Since the 1950s, doctors have recommended the use of mesh to support damaged tissue as a hernia heals. Yet based on claims against manufacturers, a number of patients experience complications after hernia mesh surgery, including adhesions, bowel obstruction, chronic pain and infection. Hernia mesh complications can occur not long after surgery, including hematomas, surgical site infections, bowel or bladder injuries and vascular infections.
On the other hand, long-term issues can emerge years after the initial procedure – particularly if the mesh detaches and migrates or the body continues to regard it as a foreign substance. If you’ve developed chronic pain, an infection or another life-altering symptom years after being implanted with hernia mesh, here’s what you should know.
Research Into Long-Term Hernia Mesh Complications
Most data on hernia mesh is related to immediate reactions following surgery. However, a study published in JAMA examined the rate at which long-term complications may occur and the type of procedure.
Researchers examined 3,242 patients over five years: 34.5 percent who underwent open mesh repair, 11.3 percent who had non-mesh repair and the remainder who went through laparoscopic mesh repair. Early on, patients who had an open mesh or laparoscopic procedure saw lower rates of hernia recurrence compared to the non-mesh repair group.
However, in following these patients over the next few years, nearly six percent who initially had open mesh repair and 3.7 percent of laparoscopic patients experienced at least one complication. For non-mesh repair patients, only 0.8 percent of individuals experienced long-term complications.
Why Long-Term Hernia Mesh Complications Occur
Whether synthetic, tissue or hybrid, hernia mesh has potential to degrade or break apart. The body may also continue to treat it as a foreign substance. As a result of these factors, patients may experience reactions like unexplained inflammation or irritation around where the mesh was inserted or internal bleeding related to migration or organ perforation.
The following symptoms are early signs of long-term hernia mesh complications:
- Difficulty gaining or losing weight
- A change in stomach shape
- A pulling sensation or sharp pain from the mesh coming in contact with organ tissue
Removing the mesh is one solution but it’s not absolute. Multiple revision procedures may be needed to remove the material, particularly if it broke and migrated or has adhered to other organs. The resulting damage may also leave patients with nerve pain that never completely subsides.
Although all types of hernia mesh have potential to result in long-term complications, synthetic materials have a higher likelihood of rejection-related symptoms.
Types of Long-Term Hernia Mesh Complications
Long-term hernia mesh complications can take on any of the following forms.
Infection can be an immediate and long-term complication following hernia mesh surgery. However, sources and location vary. Patients who recently underwent hernia mesh surgery may experience an infection around the sutures, which can be treated with antibiotics.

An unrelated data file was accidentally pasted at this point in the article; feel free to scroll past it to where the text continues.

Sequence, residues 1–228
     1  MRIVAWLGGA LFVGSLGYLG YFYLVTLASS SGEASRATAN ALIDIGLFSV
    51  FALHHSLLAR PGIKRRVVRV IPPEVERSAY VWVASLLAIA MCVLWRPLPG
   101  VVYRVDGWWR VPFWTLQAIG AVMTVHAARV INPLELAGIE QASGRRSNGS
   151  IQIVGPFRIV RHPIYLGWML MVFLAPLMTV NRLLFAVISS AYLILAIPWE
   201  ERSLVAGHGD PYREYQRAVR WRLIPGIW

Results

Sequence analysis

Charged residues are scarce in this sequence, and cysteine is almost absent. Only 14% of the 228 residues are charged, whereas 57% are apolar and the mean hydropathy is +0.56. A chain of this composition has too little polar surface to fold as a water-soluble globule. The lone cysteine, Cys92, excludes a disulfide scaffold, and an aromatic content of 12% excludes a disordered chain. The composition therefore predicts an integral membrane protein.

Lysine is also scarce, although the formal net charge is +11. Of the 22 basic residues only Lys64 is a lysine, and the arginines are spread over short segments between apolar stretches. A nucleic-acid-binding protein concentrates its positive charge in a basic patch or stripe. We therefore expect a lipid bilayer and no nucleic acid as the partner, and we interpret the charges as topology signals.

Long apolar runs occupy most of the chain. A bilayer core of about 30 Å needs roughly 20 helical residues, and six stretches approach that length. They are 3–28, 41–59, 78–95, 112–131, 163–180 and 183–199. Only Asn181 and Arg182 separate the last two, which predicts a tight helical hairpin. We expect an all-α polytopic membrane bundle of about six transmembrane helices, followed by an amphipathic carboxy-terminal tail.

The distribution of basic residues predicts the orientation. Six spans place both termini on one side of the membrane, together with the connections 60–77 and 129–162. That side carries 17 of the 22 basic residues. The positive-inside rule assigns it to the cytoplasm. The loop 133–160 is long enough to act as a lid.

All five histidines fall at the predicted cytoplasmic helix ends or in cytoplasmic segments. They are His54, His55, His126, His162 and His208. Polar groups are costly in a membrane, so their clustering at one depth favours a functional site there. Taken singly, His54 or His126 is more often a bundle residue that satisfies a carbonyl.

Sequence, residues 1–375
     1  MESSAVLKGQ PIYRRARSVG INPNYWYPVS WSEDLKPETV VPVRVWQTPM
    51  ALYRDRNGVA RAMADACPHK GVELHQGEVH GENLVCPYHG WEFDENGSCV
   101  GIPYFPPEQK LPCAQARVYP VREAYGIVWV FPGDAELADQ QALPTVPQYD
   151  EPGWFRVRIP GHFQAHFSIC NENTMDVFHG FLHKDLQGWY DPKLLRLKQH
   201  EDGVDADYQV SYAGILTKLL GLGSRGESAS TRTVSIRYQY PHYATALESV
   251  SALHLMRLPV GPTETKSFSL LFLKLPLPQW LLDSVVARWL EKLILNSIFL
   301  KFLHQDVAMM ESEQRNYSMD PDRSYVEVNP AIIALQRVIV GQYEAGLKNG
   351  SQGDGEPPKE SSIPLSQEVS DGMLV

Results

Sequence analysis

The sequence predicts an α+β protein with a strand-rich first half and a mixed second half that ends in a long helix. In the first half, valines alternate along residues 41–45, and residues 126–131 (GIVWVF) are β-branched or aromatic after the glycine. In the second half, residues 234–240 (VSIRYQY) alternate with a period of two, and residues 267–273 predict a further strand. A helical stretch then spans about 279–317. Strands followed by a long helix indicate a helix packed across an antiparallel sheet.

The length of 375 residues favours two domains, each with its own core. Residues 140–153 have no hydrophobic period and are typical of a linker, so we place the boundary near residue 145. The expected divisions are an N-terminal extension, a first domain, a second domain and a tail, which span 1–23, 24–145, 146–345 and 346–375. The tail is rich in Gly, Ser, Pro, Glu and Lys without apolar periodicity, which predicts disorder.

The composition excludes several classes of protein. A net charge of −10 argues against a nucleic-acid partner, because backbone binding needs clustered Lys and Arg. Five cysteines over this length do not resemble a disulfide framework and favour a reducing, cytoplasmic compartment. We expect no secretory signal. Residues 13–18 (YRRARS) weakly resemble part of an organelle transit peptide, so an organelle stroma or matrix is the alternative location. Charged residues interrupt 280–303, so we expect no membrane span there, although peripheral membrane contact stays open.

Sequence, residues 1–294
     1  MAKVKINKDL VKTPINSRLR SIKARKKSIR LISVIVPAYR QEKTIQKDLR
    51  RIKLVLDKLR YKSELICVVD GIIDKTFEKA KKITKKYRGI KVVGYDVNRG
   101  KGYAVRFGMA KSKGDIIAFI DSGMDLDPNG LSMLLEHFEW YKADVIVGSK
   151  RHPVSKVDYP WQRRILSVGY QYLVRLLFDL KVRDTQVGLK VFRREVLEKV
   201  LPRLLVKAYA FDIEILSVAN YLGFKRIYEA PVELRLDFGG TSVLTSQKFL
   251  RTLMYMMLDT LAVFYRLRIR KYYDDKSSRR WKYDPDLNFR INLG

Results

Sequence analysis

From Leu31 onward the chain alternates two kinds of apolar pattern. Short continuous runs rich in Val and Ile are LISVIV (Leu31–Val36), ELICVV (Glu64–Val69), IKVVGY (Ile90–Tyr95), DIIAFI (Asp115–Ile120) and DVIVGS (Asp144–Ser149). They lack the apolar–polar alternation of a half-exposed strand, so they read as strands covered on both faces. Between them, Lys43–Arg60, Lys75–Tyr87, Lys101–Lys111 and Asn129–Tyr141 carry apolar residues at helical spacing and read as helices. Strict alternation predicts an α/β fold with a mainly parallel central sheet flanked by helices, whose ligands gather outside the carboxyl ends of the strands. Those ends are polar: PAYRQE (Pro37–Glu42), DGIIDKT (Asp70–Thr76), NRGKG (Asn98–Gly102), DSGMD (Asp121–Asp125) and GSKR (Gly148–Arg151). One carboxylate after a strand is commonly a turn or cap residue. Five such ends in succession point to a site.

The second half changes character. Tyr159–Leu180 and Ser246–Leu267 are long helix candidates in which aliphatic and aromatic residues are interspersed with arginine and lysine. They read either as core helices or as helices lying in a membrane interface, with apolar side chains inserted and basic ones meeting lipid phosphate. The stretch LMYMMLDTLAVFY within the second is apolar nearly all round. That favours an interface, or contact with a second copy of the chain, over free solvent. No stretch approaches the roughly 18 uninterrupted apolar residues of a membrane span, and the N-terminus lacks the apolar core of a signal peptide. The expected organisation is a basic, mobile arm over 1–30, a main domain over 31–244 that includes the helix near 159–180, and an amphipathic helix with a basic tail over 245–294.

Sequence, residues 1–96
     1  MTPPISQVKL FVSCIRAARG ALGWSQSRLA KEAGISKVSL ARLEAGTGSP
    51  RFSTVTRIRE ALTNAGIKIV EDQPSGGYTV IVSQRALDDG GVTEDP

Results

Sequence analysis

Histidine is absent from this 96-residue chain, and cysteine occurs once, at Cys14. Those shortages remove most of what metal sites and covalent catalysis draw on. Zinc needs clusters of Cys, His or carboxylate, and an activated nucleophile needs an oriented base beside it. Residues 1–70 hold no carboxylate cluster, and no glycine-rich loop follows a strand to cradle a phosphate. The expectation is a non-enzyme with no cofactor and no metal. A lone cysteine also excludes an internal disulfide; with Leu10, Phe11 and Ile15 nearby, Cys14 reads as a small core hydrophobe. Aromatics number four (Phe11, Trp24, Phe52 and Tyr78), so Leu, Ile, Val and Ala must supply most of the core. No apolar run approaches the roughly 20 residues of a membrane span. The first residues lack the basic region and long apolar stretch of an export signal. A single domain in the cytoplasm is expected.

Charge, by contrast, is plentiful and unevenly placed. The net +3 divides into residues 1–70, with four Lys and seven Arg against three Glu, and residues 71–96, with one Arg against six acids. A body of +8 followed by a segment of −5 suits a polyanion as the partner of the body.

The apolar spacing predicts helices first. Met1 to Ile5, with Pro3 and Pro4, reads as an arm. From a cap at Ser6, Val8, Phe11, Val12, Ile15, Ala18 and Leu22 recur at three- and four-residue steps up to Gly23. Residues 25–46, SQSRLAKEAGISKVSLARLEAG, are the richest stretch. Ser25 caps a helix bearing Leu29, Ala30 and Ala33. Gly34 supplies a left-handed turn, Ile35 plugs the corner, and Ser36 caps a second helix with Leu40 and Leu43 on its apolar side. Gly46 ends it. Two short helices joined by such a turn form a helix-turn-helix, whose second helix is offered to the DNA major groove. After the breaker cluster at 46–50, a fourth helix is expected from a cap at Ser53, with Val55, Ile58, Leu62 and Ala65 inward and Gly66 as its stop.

Long term, a deeper chronic bacterial infection may result from hernia mesh rejection, perforation or a surgeon’s error causing intestinal fluid to leak. There is potential for an abdominal abscess, fistula or osteomyelitis to form. In these cases, patients need intravenous antimicrobial treatment to manage the infection.
A sharp pain may emerge years after a patient was implanted with mesh, possibly accompanied by irritation, increased sensitivity or general discomfort in the area. This sensation persists no matter the modifications made and may affect quality of life. Chronic pain may be constant, related to certain activities, or be concentrated to one area.
Following mesh implantation, chronic pain may occur in conjunction with a deeper infection or nerve damage related to migration or organ perforation. Removing the mesh does not always decrease the sensation and this complication may contribute to urinary incontinence, depression, anxiety and other long-term issues.
Organ and Bowel Perforation
Mesh materials have potential to break apart. If shards become loose, they can migrate through the body where they abrade, erode or perforate organ tissue. In relation to the long-term complications, perforation can contribute to infection and chronic pain, as well as scar tissue formation and bowel obstruction. With time, patients may also develop nerve damage or a fistula due to migrating material.
Sometimes hernia mesh does not integrate well with the body, particularly if a synthetic material was used. As a result, the body continues to fight the mesh as if it were a foreign substance. Your doctor may prescribe medications to better manage symptoms but, should the body’s reaction continue this way, your doctor may recommend revision surgery.
Scar Tissue or Adhesions
Your body may also treat the insertion of hernia mesh as it would a traumatic injury. As a result, scar tissue forms, potentially causing an adhesion between tissue. This can contribute to chronic pain, alter digestion and urination, or create a bowel obstruction.
Hernia mesh can create a blockage in the bowel that reduces blood flow to the intestines. The blockage may be due to mesh migration or the formation of scar tissue. Signs of a bowel obstruction include a combination of bloating, cramps, vomiting, constipation and being unable to pass gas or stool.
If ignored, a bowel obstruction may develop into a life-threatening complication. Revision surgery becomes more complex, requiring removal of both the mesh and any scarred or damaged tissue.
Did you experience long-term complications following hernia mesh surgery? Contact the product liability lawyers at Trantolo & Trantolo today.